Simard Bilodeau Contemporary is honored to present The Light Behind The Trees, a collection of works from artists Tyler Keeton Robbins and Michael Nauert.  Rooted in exploration and illustration of their natural surroundings, both Robbins and Nauert are masters of abstraction--articulating obtuse gestures of paint with familiar shapes and figures, resulting in immersive, fantastical compositions that seem to be perpetually in motion. Though both artists' practices are very different, their goals share the same enduring objective: to sincerely depict what organically surrounds them as a means of enlightenment and interrogation.

Ultimately, Robbins and Nauert engage viewers from opposing sides of a scope: Robbins taking macro and Nauert with micro. In Nauert’s work, our attention is drawn to a focal point, be it a rendering of a familiar yet unrecognizable organic life-form or a swirling passageway within a dense forest. Conversely, Robbins places us in the forest, surrounded, overwhelmed even, by the intersecting choreography of flora and fauna following their own designated paths. The urgency and movement in both settings is undeniable as these two artists bend light, form, and even depth of color to convey swaying leaves and wriggling insects. These illustrated works transport the viewer to landscapes that exist somewhere between having a dream and recalling it the next morning. The wondrous is interwoven with visual “anchors” for the viewer, sparing them from vertigo, while fully enveloping them in the scenes at hand.

Both Robbins and Nauert use their art as a means of exposing the “unseen” or “unfamiliar” while they themselves act as obfuscator and exhibitor. Again, they take contrary approaches to emulate lucidity and sincerity. “Slipping in and out of the familiar through abstract mark making, I draw parallels between nature and human nature within my paintings.” Nauert describes, “My shapes coalesce into landscape and figure, eventually dissipating into abstract impressions. This limbo state creates a vortex for multiple forms, ideas, and shared memory.” To do so he alternates between sections of thick, opaque paint strokes and surrounding areas of ink and pastel, leaving no section of the original canvas exposed. Together, the varied mediums become a new language in displaying fore, middle and background. The “flatter” components serve as foundation to the thicker cross sections of paint, no matter what quadrant of the composition they are located in.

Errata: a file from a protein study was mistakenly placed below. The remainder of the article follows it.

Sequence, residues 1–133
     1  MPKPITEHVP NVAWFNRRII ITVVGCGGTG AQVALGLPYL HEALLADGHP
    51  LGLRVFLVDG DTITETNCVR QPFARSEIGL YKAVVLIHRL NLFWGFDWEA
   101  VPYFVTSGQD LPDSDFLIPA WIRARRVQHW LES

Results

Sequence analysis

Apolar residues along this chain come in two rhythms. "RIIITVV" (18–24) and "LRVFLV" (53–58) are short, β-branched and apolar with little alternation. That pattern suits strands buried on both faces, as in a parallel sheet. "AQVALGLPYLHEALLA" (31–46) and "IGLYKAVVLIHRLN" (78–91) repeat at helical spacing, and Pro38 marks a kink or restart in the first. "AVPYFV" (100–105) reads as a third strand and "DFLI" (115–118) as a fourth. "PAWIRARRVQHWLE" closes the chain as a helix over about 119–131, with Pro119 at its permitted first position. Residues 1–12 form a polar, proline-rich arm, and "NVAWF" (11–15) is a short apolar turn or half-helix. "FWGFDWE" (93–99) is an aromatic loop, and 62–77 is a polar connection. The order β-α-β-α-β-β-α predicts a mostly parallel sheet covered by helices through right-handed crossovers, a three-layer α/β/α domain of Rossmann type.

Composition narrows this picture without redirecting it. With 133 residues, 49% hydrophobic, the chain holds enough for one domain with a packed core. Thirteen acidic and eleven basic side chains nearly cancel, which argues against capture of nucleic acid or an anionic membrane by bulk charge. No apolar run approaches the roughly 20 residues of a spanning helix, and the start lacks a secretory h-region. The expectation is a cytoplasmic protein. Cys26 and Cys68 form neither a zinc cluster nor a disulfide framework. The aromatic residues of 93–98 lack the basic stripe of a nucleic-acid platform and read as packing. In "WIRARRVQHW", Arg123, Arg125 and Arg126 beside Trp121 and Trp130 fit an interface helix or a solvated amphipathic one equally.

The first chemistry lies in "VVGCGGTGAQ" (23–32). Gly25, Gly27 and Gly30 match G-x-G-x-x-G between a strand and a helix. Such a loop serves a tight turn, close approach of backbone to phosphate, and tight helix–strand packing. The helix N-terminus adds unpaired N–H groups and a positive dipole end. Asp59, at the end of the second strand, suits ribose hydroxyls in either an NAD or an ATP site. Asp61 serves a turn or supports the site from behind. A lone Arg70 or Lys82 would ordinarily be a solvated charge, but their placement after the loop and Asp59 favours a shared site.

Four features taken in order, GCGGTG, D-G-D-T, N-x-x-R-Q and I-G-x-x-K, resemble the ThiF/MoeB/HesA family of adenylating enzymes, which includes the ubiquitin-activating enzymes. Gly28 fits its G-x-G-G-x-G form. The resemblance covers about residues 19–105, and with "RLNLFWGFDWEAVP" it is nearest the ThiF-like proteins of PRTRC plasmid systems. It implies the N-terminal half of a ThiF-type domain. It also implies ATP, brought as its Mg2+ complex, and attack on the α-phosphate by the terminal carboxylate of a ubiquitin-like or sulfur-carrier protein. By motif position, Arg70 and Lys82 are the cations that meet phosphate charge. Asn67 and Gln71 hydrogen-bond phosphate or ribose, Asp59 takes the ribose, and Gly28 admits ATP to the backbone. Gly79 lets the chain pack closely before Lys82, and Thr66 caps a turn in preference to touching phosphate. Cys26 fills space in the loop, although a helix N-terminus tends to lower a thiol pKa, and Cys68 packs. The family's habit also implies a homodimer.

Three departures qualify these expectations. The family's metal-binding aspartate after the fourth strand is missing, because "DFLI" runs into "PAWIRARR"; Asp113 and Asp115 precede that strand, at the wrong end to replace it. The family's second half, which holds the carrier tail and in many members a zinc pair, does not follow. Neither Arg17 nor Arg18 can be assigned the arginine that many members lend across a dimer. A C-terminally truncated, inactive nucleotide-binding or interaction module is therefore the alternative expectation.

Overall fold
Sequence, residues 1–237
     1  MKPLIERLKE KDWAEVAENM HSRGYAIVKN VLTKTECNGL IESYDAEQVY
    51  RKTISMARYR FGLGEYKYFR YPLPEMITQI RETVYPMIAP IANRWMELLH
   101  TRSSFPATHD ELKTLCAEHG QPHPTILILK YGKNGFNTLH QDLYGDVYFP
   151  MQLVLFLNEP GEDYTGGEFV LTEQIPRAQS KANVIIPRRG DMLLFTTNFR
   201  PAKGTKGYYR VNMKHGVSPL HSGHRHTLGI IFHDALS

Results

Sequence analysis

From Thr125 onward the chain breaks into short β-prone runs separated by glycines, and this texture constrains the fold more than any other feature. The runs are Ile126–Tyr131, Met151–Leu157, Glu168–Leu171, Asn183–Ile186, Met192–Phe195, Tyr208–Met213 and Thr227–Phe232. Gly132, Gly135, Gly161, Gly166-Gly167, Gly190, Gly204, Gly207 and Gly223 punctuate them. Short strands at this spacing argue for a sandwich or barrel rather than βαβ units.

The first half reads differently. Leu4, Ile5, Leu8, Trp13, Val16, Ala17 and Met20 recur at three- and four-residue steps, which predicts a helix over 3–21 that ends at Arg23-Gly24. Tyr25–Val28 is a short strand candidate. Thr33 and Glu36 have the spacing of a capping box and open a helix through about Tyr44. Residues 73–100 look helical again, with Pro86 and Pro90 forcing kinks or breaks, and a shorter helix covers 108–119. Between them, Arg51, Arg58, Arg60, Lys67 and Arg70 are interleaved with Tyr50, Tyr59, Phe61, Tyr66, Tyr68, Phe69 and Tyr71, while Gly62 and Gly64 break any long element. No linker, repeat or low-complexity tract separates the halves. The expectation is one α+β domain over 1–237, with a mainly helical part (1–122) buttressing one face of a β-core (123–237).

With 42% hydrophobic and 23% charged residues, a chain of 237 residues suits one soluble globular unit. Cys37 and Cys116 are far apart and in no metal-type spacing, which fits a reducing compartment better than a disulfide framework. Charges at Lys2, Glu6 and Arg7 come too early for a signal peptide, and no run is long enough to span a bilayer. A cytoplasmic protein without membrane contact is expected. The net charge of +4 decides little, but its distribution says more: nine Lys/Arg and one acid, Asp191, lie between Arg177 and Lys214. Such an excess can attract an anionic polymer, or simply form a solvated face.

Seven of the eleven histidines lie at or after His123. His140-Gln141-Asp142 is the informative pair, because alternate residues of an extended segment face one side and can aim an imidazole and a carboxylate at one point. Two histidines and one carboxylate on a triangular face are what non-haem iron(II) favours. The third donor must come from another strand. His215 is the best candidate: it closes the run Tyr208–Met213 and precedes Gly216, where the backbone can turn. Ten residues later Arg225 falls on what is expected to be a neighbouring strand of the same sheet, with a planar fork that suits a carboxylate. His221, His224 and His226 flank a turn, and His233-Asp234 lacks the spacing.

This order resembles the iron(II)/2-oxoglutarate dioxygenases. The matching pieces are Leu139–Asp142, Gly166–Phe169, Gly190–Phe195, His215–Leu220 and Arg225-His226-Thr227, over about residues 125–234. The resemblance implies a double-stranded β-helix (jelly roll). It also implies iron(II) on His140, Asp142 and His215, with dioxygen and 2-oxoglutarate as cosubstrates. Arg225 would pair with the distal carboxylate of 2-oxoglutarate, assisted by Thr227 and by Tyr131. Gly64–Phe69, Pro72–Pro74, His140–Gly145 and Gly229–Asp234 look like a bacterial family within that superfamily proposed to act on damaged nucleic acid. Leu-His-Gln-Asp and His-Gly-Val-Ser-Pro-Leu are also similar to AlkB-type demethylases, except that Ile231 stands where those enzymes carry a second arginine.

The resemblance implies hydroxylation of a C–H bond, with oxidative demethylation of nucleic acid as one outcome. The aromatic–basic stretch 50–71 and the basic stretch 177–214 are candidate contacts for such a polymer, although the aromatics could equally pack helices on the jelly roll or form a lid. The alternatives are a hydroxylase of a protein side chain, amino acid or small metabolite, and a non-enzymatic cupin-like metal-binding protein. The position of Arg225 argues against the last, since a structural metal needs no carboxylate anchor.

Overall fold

Where Nauert works to convey a sense of depth and light by varying the literal surface levels of his works, Robbins works in the reverse: depending on translucence itself to allude to depth. As he layers watercolor on top of itself, intersections of strokes build up across the canvas. As each layer coalesces with the next until the entire arrangement stretches backward, like a series of coulisses on a theater stage. These compositions necessitate a specific and inherent aesthetic rigor, requiring the artist to move quickly and definitely as he dictates the fluid directions of the ink across the canvas. “The most honest and exciting ideas lay beneath critical thought…” Robbins has written, “Creating with urgency allows ideas to establish before they’re corrupted by reason.” With both artists’ work, reason and stagnation are absent. In their place, resides pieces that invoke a sensory response, transforming the experience of viewing into one of simulated interaction and self-determined temporality.

The Light Behind the Trees provides a passageway taken off the beaten path towards a landscape that exists without constraint of conventions. The works of Tyler Keeton Robbins and Michael Nauert are rooted in the fantastic yet common. In each piece, we know where we stand and recognize features around us, without being able to fully grasp the movement and magic that is taking place before us. As if given a key to a secret garden, each piece unlocks a sensory connection that exists somewhere between a long forgotten memory and a completely new perspective on something we might overlook or underestimate--the natural world around us.

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